Few had seen it, and no one had ever set foot on it. Those factors made Bertha’s Tower, a 2,000-foot spire in Antarctica’s remote Wohlthat Mountain Range, irresistible to a small team of accomplished climbers led by veteran Mike Libecki. The team battled extreme cold, furious winds and fickle weather in an epic, 10-day climb to the summit. Join Libecki and photographer Cory Richards for a firsthand account of this first ascent at the bottom of the world.
NOV. 19, TUESDAY, 7:30 P.M.
NOV. 20, WEDNESDAY, 10 A.M. (STUDENT MATINEE)
Celebrate the beauty and survival of two of the planet’s iconic felines: the tiger and the cougar. Award-winning wildlife photographer Steve Winter’s body of work in India, Indonesia and Thailand represents 10 years of close encounters with tigers. Hear his stories of the people on the front lines of tiger conservation and see intimate photos of these majestic big cats. In addition, Winter will report on North America’s elusive and nocturnal cougar, from a story in the December 2013 National Geographic.
GETTING THE STORY: 125 YEARS OF NATIONAL GEOGRAPHIC WRITING
NOV. 21, THURSDAY, 7:30 P.M.
Discover the challenges and thrills behind crafting the world’s best known magazine from its renowned writers and editors. David Quammen, winner of a National Magazine Award for the magazine, has traveled savannas and swamps from the Serengeti to the Congo in pursuit of the story. Journalist and MacArthur Fellow Alma Guillermoprieto has written about unholy saints in Mexico and women wrestlers in Bolivia. Two-time Pulitzer Prize winner and National Geographic Fellow Paul Salopek — currently undertaking a seven-year walk across the world — joins from the Middle East. Cynthia Gorney, who has covered human rights stories such as the culture of child brides, will moderate a conversation with editors Oliver Payne and Barbara Paulsen along with these three celebrated writers.
THE WHISKIES OF SCOTLAND: A GEOGRAPHIC APPRECIATION
NOV. 22, FRIDAY, 7 P.M.
Celebrate Geography Awareness Week with award-winning Scotch whisky expert Richard Crawford, who explains how whiskies reflect the soil, water and agriculture of their places of origin. Complementary light fare is included in the ticket price.
WHAT MAKES ANGRY BIRDS SOAR?
DEC. 4, WEDNESDAY, 7:30 P.M.
Rovio’s Peter Vesterbacka, creator of the Angry Birds franchise, explains the Angry Birds phenomenon and what drives the company’s partnership with National Geographic. Physicist Rhett Allain, author of National Geographic’s “Angry Birds Furious Forces!: The Physics at Play in the World’s Most Popular Game” explores physics through the Angry Birds lens.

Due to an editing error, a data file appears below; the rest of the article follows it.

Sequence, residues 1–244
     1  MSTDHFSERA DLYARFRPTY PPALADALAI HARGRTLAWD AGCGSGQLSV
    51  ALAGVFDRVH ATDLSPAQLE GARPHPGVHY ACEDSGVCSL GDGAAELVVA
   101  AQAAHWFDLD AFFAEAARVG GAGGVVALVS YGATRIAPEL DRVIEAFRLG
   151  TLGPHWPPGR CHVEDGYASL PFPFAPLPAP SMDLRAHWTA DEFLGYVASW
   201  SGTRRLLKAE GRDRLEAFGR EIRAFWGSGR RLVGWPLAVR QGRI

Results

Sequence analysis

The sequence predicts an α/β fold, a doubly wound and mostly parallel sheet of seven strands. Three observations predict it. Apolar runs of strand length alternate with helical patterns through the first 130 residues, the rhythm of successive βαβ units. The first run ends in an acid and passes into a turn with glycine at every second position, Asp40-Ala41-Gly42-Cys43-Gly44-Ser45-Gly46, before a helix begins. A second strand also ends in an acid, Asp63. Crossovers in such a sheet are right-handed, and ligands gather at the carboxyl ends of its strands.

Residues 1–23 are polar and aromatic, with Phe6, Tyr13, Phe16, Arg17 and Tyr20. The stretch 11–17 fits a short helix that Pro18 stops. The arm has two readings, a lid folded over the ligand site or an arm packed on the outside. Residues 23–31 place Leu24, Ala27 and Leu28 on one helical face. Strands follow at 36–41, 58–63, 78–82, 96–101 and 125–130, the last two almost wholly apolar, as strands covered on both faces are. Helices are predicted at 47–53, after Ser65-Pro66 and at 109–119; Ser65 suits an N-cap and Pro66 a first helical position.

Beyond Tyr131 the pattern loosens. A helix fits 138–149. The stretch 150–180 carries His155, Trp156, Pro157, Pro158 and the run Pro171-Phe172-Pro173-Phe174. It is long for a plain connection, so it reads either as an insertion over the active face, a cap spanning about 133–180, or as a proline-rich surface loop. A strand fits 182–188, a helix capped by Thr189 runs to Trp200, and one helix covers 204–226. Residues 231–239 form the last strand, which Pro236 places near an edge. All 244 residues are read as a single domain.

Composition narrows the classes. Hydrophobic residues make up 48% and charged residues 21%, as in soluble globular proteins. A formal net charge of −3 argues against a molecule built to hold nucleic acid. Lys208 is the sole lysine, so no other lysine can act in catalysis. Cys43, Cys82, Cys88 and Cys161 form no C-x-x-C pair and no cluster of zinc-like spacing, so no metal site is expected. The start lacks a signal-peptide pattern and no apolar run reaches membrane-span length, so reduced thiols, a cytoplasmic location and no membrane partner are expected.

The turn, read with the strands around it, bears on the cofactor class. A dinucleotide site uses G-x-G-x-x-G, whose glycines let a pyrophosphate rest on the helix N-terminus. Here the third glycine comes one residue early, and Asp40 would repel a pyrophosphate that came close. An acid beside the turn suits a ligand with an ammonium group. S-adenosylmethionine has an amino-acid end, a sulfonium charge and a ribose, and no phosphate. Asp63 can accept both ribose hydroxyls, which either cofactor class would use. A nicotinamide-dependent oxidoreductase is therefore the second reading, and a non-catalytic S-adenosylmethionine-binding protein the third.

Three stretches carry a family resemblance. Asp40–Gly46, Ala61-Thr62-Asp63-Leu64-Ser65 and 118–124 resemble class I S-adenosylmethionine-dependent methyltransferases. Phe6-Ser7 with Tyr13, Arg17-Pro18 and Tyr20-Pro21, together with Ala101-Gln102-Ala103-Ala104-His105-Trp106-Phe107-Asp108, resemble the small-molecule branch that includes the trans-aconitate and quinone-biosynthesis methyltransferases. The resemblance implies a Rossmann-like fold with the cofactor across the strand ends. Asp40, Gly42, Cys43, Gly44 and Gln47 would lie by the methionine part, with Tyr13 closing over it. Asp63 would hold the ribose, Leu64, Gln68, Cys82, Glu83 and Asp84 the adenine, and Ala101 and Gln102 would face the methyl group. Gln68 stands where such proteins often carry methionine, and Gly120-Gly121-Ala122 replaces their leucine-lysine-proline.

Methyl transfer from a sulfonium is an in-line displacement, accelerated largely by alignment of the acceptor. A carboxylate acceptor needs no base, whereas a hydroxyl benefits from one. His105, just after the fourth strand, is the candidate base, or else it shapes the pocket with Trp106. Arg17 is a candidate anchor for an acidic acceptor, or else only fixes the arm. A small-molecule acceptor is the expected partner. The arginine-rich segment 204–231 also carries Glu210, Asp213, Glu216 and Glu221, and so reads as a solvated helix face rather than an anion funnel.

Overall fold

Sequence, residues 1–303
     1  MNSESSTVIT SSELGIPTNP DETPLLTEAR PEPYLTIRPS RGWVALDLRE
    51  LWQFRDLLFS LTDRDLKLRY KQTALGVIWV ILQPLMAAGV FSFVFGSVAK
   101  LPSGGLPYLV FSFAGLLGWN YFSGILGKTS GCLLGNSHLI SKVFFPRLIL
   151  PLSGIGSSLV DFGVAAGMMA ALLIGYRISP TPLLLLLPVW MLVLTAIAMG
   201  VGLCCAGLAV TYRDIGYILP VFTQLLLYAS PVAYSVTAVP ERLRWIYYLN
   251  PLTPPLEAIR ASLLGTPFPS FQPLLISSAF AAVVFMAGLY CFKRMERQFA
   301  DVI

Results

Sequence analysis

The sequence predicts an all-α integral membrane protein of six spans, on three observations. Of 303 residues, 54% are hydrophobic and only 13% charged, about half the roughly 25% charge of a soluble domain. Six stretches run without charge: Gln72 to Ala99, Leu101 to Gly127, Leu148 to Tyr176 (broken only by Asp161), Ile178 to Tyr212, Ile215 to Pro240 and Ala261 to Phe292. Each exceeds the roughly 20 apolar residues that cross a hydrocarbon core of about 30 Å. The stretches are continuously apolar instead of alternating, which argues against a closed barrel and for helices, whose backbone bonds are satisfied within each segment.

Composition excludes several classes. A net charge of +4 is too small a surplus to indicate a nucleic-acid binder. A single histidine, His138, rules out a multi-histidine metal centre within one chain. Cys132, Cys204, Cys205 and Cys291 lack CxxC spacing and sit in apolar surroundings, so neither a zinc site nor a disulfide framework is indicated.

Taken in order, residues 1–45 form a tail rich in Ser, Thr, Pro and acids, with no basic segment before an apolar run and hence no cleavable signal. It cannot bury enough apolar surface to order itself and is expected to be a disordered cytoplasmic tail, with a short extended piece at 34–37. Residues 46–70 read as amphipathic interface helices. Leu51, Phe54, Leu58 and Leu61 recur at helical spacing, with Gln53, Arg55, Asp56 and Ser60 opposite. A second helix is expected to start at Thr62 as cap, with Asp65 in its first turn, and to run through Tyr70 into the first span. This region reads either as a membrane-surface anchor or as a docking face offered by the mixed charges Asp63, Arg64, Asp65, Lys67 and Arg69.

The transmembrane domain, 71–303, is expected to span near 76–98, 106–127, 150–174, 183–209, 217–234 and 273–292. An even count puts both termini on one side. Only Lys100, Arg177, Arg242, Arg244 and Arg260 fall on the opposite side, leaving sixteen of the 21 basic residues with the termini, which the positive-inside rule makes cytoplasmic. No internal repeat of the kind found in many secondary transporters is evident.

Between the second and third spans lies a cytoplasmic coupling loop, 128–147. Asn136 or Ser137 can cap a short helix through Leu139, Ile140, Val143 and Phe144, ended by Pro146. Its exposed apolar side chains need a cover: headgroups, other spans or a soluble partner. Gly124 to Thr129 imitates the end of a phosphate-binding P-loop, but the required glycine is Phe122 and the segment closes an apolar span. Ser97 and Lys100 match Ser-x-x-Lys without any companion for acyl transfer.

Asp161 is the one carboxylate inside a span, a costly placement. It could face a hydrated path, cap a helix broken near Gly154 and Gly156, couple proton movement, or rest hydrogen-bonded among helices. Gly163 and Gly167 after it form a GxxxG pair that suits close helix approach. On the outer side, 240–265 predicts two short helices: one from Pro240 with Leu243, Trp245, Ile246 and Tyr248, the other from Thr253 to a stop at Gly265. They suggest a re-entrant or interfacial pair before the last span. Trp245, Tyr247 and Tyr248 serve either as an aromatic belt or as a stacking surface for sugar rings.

MOYA BRENNAN: AN IRISH CHRISTMAS
DEC. 7, SATURDAY, 3 P.M. & 7 P.M.
Enjoy seasonal music from the Emerald Isle with Moya Brennan. As lead singer of the Grammy Award-winning group Clannad, Brennan helped introduce Celtic music to a worldwide audience with a mix of traditional melodies and new-age pop. Drawing on a rich selection of classic Irish songs and carols as well as her own solo material, Brennan and her band share the spirit of the season. Enjoy mulled wine and holiday treats available for purchase at the NGS Café.
ALEX HONNOLD, MARK SYNNOTT & JIMMY CHIN: CLIMBING OMAN
DEC. 9, MONDAY, 7:30 P.M.
Join climbers Alex Honnold, Mark Synnott and Jimmy Chin on their latest adventure, scaling the rugged seaside cliffs of Oman. For a January 2014 National Geographic story, the two headed for the remote Musandam Peninsula. They grappled with sheer limestone cliffs and perfected their deep-water solo climbing followed by high diving off the rock face into the ocean below.
RISK! FAIL! EXPLORE!
DEC. 10, TUESDAY, 7:30 P.M.
Get a fascinating perspective on failure from frontline scientists and explorers whose work involves taking calculated risks. Inspired by the article “Failure Is an Option” in the September 2013 National Geographic, a panel examines how risk and failure are indispensable to scientific progress. Participants include virologist Victoria Jensen, who studies dangerous viruses; toxinologist and National Geographic Emerging Explorer Zoltan Takacs, who travels the world in search of venomous snakes to develop drugs; archaeologist and National Geographic Fellow Sarah Parcak, who uses satellite technology to locate hidden Egyptian antiquities; extreme filmmaker and kayaker Trip Jennings, who has paddled white water to explore rivers around the world and made a first descent of the dangerous lower Congo River; and climber Peter Athans, known as “Mr. Everest” for his numerous successful ascents of that mountain.
BEYOND THE YELLOW BORDER TOUR
DEC. 11, WEDNESDAY, 7 P.M.
Mark Collins Jenkins, former National Geographic archivist and historian provides an in-depth look at the Society’s history in the exhibition “A New Age of Exploration.” Cocktails and light fare are included.
About National Geographic Live
National Geographic Live is the live events division of the National Geographic Society, responsible for multimedia presentations, performances and film screenings for the general public, school audiences and sponsoring organizations around the world. For more information, visit nglive.org.